You still remember

Petty Officer 1st Class Joseph Adam McSween lost his life.

It was April 6, 2007 – and McSween (who went by Adam) was conducting combat operations near Kirkuk, Iraq. During an enemy attack, the 26-year-old was killed.

The former York College student had requested that if he were to die, his remains be buried in York’s Greenwood Cemetery although it wasn’t technically his home town.

He said York was home because this is where he met the love of his life – his wife, Erin.

The York community gathered around Erin, his daughters, his mother Florence. The York community became his family – those who had already been his friends and total strangers who grieved the loss of yet another serviceman.

Do you remember the hundreds of flags lining the streets and the thousands of people who gathered to honor the fallen soldier at the city auditorium?

Do you remember the somber parade of vehicles following the hearse down Highway 34 from the airport into town, with dozens of people standing alongside the road?

Do you remember the roar of the motorcycles as the Patriot Guard led the funeral procession? Do you remember standing next to your neighbor, with tears in your eyes as you grieved someone you may not have known but greatly admired?

I do.

As we left the cemetery that day, I looked back at the place where his casket would remain. I realized that Adam’s family lived far away, in different states. As strange as it sounds, I wondered if anyone here would remember to decorate his grave on Memorial Day.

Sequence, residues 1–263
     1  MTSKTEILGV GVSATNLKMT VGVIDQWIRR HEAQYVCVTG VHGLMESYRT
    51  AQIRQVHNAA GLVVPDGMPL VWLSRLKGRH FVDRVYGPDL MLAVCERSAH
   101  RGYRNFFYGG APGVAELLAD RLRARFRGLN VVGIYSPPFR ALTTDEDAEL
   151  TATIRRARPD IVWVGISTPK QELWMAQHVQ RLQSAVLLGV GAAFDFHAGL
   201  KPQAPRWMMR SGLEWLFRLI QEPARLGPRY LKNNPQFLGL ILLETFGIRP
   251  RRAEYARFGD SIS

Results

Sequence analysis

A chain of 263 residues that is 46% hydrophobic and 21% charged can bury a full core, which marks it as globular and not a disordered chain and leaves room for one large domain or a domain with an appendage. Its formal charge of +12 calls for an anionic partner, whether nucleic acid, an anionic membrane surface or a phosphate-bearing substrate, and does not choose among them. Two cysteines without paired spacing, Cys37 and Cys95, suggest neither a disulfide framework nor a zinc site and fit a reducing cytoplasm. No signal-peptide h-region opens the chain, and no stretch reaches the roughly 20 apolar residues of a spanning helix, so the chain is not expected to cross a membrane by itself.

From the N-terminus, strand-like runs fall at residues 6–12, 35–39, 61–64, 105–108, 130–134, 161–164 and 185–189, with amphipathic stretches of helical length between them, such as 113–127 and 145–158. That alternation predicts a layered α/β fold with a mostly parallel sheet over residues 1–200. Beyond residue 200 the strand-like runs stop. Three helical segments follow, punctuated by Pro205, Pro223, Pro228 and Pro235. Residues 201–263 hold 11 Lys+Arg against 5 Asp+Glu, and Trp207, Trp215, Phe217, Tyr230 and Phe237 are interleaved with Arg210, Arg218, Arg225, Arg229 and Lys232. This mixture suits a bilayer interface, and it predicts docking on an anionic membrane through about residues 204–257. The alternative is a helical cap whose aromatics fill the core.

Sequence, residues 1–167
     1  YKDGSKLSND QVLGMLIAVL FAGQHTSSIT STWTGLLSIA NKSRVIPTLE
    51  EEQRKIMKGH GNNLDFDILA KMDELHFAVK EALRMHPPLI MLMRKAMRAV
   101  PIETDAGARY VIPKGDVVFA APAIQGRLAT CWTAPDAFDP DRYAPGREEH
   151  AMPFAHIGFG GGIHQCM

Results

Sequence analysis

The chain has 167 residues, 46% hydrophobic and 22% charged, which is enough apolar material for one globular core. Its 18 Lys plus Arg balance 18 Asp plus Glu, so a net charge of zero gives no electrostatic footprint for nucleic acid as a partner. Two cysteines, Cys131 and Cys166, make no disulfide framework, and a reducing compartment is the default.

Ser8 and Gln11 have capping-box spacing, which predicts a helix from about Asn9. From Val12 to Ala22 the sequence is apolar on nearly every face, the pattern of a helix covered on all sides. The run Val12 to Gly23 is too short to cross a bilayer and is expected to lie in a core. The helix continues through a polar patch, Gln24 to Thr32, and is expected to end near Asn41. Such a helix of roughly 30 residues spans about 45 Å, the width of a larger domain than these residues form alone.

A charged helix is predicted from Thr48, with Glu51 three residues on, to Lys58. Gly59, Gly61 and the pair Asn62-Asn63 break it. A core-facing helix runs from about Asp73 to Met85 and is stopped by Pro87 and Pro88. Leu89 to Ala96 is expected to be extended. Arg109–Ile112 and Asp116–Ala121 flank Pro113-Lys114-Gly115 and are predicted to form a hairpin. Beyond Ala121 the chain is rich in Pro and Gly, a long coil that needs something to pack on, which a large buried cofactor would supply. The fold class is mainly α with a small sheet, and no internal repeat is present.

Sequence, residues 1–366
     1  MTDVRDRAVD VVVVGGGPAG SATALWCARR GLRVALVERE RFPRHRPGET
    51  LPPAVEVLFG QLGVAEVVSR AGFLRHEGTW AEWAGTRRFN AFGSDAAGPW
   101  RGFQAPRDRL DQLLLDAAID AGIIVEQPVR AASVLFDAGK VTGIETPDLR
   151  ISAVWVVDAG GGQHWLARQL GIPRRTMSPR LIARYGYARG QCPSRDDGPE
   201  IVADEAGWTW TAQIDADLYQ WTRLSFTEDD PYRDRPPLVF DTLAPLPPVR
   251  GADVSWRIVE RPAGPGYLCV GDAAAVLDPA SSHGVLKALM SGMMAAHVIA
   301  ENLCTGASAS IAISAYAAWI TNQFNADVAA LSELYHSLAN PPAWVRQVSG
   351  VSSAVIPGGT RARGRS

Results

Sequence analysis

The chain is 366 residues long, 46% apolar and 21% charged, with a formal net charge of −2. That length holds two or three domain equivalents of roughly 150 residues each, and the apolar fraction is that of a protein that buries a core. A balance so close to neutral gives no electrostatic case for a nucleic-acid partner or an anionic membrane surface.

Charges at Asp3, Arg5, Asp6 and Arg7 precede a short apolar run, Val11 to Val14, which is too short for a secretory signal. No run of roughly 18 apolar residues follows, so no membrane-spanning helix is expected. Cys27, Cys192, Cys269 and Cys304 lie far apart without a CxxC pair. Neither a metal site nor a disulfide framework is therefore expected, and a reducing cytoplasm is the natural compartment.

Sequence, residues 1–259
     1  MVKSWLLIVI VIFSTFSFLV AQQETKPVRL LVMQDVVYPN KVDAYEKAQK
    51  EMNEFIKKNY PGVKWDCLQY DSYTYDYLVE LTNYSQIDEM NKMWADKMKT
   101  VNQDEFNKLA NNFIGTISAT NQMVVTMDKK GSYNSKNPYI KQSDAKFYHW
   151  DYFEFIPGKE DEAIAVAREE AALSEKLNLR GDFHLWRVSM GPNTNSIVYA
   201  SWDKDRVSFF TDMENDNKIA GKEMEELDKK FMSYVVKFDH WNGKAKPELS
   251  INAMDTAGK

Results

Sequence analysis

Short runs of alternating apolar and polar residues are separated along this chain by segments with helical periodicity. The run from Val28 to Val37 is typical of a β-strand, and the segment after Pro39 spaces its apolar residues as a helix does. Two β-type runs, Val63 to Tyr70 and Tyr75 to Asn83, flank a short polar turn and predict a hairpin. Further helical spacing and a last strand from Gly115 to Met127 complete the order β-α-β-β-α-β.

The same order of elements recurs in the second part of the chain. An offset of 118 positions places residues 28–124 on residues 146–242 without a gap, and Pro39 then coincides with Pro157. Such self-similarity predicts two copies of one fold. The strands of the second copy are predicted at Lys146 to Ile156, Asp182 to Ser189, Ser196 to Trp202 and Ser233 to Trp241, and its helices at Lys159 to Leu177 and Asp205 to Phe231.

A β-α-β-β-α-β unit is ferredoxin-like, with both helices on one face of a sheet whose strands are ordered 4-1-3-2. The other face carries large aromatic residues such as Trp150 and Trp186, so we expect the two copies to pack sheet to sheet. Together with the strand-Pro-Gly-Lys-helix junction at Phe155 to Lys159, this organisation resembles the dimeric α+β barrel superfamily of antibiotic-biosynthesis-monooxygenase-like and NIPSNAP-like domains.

That day, I made a decision, a promise, that if I could, I would visit that spot every year in late May – to drop off a flower or maybe a flag. Just a little something, so that all who saw his grave would remember that he was a hero.

So on a Memorial Day weekend not so long ago, I grabbed my little arrangement and ran out to Greenwood Cemetery. As I wound around to the western side of the property, I strained to see Adam’s grave . . . hoping that I’d see what I’d seen many Memorial Days before.

And I did.

“Oh, good,” I sighed. “They remembered. Again.”

There was Adam’s grave, carefully decorated with flags, ribbons and flowers. Again, people had been there . . . remembering Adam whether they knew him in life or not.

The breeze blew lightly, rustling the vine on the little lamppost by the head stone . . . and I smiled because somebody (and quite a few somebodies as I’ve seen over the years) made sure to take a moment to remember one of York’s fallen soldiers.

I didn’t know Adam when he was alive – but in my mind, he’s become my personal persona of our military men and women. By honoring him – I feel we honor them all.

As I drove out of the cemetery, I marveled at how many graves were decorated with flags and metal declaring the burial sites of veterans. So many . . . so many who have given so much.

So thank you, to the people who continue to decorate Adam’s grave and the graves of thousands more.

Thank you for not forgetting.

I’m so glad you still remember.


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